Framed Perspective Vol. 1 is subtitled: “Technical Perspective and Visual Storytelling”. In it Mateau-Mestre starts at the ground floor (so to speak) and takes you from the basic concepts through solutions for some reasonably complex challenges, including multiple vanishing points, staircases, three-point perspective, arches and domes, and the application of perspective to freehand sketching.

At over 200 pages, it’s packed with information and techniques and a reality-based approach that stays focused on what’s really useful.

Framed Perspective Vol. 2 is subtitled “Technical Drawing for Shadows, Volume, and Characters”, and deals with the too often neglected subjects of applying shadows in perspective and applying perspective to the human figure, including the representation of clothing and folds, and the application of shadows to figures.

Though not as extensive as Volume 1, this one still weighs in at over 120 pages, and is jammed with useful information, as well as Mateu-Mestre’s wonderful drawings and illustrations.

Throughout both volumes, the illustrations, diagrams, text and book design are clear, concise and well thought out.

Any artist with an interest in comics, graphic storytelling, concept art or illustration — as well as painting and drawing of any kind that involves linear perspective — should look into these superb volumes.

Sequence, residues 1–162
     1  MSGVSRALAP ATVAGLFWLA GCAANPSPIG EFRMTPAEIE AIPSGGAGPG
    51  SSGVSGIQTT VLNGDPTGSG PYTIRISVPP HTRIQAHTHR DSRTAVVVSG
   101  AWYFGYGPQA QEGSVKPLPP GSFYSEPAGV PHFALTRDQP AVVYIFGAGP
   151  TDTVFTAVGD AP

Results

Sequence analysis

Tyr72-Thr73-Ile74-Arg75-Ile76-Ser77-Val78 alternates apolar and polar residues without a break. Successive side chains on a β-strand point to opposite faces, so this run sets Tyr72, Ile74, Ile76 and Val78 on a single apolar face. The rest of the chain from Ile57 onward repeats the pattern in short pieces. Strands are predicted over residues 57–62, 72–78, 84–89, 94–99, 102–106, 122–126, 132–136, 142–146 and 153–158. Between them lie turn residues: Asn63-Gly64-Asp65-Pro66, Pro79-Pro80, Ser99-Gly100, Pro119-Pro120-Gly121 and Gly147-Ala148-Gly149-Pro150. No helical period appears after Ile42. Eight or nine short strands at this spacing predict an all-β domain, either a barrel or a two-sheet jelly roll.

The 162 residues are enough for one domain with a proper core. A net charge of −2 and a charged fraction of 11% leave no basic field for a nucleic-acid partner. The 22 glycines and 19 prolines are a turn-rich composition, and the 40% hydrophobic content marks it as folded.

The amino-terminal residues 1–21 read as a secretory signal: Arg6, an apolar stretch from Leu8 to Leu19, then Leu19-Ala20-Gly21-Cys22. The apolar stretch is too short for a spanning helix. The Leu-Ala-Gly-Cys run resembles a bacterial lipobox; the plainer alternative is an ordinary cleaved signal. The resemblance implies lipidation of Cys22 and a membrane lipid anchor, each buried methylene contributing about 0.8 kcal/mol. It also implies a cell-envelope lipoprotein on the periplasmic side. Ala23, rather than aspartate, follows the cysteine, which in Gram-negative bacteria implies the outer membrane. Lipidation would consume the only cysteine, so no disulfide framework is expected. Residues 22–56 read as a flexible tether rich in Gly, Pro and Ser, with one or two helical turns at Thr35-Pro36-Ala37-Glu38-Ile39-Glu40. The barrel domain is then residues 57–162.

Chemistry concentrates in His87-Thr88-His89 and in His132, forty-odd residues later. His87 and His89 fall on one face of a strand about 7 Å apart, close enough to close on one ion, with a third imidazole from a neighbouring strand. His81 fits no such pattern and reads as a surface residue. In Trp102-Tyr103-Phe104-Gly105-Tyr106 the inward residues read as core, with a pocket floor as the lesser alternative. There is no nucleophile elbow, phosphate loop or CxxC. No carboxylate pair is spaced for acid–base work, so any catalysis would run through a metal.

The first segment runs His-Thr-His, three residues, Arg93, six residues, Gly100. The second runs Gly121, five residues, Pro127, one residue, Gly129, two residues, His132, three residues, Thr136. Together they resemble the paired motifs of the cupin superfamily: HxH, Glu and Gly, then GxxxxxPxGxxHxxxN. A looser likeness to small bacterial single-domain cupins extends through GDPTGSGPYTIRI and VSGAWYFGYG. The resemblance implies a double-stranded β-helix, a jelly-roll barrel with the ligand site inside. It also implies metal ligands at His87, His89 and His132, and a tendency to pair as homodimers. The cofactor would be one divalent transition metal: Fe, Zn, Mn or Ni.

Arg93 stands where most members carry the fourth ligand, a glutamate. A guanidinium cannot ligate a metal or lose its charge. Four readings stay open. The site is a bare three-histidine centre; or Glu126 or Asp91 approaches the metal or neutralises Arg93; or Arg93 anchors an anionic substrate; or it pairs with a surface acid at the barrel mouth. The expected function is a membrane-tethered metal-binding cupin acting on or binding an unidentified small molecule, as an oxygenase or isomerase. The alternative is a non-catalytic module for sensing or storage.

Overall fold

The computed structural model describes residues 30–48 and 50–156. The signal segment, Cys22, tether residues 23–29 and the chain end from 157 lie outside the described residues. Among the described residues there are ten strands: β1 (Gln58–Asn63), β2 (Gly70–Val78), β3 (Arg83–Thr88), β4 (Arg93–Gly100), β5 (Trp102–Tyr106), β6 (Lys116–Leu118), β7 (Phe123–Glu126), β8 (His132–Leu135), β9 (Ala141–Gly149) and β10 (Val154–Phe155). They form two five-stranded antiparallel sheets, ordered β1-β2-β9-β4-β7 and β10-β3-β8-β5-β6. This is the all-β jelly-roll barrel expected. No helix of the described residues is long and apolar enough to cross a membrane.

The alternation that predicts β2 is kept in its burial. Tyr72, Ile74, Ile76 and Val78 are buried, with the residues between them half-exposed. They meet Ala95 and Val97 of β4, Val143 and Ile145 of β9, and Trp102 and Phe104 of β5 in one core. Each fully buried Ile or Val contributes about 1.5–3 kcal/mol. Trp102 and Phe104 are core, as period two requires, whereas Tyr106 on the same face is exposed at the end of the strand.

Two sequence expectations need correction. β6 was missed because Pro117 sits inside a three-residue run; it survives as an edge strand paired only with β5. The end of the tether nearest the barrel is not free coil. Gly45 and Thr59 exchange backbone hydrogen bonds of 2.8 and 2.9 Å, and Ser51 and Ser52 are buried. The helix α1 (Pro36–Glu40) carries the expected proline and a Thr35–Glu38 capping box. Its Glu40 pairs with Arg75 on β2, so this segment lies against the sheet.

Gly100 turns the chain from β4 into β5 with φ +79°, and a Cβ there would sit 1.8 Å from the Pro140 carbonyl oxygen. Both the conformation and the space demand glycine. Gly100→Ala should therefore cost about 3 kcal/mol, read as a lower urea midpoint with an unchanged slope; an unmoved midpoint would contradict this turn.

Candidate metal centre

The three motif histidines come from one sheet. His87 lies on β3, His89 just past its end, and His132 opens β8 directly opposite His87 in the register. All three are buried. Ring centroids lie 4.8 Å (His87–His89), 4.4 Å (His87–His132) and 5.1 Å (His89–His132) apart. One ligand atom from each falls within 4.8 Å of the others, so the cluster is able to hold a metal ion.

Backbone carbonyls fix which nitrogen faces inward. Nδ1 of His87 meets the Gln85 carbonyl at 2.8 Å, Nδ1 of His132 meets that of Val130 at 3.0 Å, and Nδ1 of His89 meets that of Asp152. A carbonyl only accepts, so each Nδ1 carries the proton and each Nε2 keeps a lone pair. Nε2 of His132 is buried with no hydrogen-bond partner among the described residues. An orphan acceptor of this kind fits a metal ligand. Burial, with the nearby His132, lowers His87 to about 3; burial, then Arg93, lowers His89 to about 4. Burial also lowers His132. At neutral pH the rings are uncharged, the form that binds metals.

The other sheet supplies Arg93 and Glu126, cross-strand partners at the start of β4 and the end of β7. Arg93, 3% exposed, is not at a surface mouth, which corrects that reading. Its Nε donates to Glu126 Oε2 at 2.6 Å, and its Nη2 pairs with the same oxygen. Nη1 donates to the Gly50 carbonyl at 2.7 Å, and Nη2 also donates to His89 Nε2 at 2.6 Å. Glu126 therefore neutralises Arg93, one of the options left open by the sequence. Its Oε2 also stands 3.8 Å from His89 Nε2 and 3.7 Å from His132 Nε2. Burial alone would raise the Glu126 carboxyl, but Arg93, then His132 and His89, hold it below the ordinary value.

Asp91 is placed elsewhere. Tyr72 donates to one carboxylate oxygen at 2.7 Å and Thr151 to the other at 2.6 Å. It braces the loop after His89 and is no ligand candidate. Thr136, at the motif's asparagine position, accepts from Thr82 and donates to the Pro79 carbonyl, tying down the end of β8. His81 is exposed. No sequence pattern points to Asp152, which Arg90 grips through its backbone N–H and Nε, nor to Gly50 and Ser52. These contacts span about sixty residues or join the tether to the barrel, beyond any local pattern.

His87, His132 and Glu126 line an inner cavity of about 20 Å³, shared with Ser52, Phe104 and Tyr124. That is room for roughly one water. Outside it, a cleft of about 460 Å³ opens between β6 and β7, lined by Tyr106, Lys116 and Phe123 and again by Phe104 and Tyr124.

If you’ve found books on perspective daunting and/or boring, Framed Perspective may open your eyes to a world of possibilities for understanding and using one of an artist’s most powerful tools.

 
Facebooktwittergoogle_plusredditpinterestlinkedinFacebooktwittergoogle_plusredditpinterestlinkedin

Some wise suggestions for artists from Neil Gaiman’s 2012 address to the University of the Arts

Neil Gaiman addressing the graduating class at the University of the Arts in Philadelphia in 2012
For those who are dismayed, as I am, at the recent turn of events, and the likely devastating effect it will have on the state of the arts here in the U.S. (see my before the fact storm warning to that effect), I offer some insightful suggestions about art in the face of adversity from writer Neil Gaiman.

This is a video of his remarks as he addressed the graduating class at the University of the Arts here in Philadelphia in 2012.